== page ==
The Dental Research Journal article warns: “If not treated at an early stage, it may rapidly evolve and spread to adjacent anatomic structures, leading to serious complications such as septicemia, cavernous sinus thrombosis, brain abscess, shock, and occasionally to death.”
Tooth Abscess Symptoms
Besides the obvious tooth abscess swelling and pain, watch out for these signs that warrant a visit to your dentist ASAP.
- a foul taste in your mouth
- tender, swollen lymph nodes in the neck or jaw
- bad breath even after brushing or rinsing
- discomfort with hot or cold temperatures and sweet substances
- a loose tooth
- inflamed and shiny gums
- pain when biting, chewing, or swallowing
- throbbing pain in your ears, neck, or jaw
- discomfort when breathing
Once the abscess ruptures, you’ll notice a sudden rush of foul-tasting, salty fluid in your mouth. While this occurrence offers pain relief, it also requires immediate medical attention.
Tooth Abscess Treatment and Management
You might be wondering, “Can tooth abscess go away on its own?” Unfortunately, the answer is no. It won’t heal without treatment. But with early management, you can keep the dental abscess from wreaking havoc and destroying your pearly whites. Here are some treatment options:
- Abscess draining: This procedure involves making a small incision in the abscess to drain the pus. The dentist will then clean the infected area with a saline solution, then prescribe antibiotics.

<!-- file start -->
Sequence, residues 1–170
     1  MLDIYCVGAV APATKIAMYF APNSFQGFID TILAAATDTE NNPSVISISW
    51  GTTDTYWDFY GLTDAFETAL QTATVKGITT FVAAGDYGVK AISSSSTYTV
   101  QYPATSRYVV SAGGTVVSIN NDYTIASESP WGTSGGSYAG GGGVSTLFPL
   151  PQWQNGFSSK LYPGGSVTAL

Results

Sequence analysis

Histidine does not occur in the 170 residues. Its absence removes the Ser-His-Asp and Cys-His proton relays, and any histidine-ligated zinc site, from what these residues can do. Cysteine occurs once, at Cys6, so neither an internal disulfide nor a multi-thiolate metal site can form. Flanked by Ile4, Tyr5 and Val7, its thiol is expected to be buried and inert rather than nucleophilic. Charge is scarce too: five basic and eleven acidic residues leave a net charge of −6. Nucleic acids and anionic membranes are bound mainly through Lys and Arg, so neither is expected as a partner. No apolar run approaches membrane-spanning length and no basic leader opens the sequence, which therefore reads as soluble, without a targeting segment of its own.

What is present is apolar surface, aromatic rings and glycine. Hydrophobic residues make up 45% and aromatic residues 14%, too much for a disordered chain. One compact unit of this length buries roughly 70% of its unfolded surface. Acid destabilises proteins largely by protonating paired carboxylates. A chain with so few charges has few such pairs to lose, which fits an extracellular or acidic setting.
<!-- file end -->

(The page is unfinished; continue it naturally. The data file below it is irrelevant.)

- Root canal treatment: For periapical abscesses, root canal treatment is necessary. Here, the dentist removes the infected pulp in the tooth, then proceeds to draining.
- Tooth extraction: In the worst cases, tooth extraction is the only solution to stop an infection from spreading.
How to Prevent Dental Abscesses
Excellent oral hygiene (i.e., regular brushing, flossing, and dental scaling) will reduce bacterial growth and prevent abscess formation. Make sure to schedule dental visits regularly and have loose or chipped teeth checked immediately. Also, take a more proactive stance in preventing plaque buildup.
Because dental overlaps and overcrowding increase your risk of dental caries, head to an orthodontist to see if you’re a viable candidate for aligners like ClearCorrect. This invisible aligner can fix your crooked teeth, effectively keeping food particles (and bacteria!) from getting stuck in hard-to-reach areas. Plus, its proprietary tri-layer ClearQuartz material allows your treatment to be as discreet and comfortable as possible.
Clearly, having a tooth abscess is no simple matter. It’s a painful condition you want to nip in the bid by early detection and professional intervention. Remember: never take another toothache lightly!
Dental abscess death and morbidity. (n.d.). Australian Journal of General Practice.
Javali, M. A., Betsy, J., Thobaiti, R. S. S. A., Alshahrani, R. A., & Al-Qahtani, H. (2020). Relationship between malocclusion and periodontal disease in patients seeking orthodontic treatment in southwestern Saudi Arabia. Saudi Journal of Medicine and Medical Sciences, 8(2), 133.
Shweta. (2013, October 1). Dental abscess: A microbiological review. PubMed Central (PMC).
Sanders, J. L. (2023, February 20). Dental Abscess. StatPearls – NCBI Bookshelf.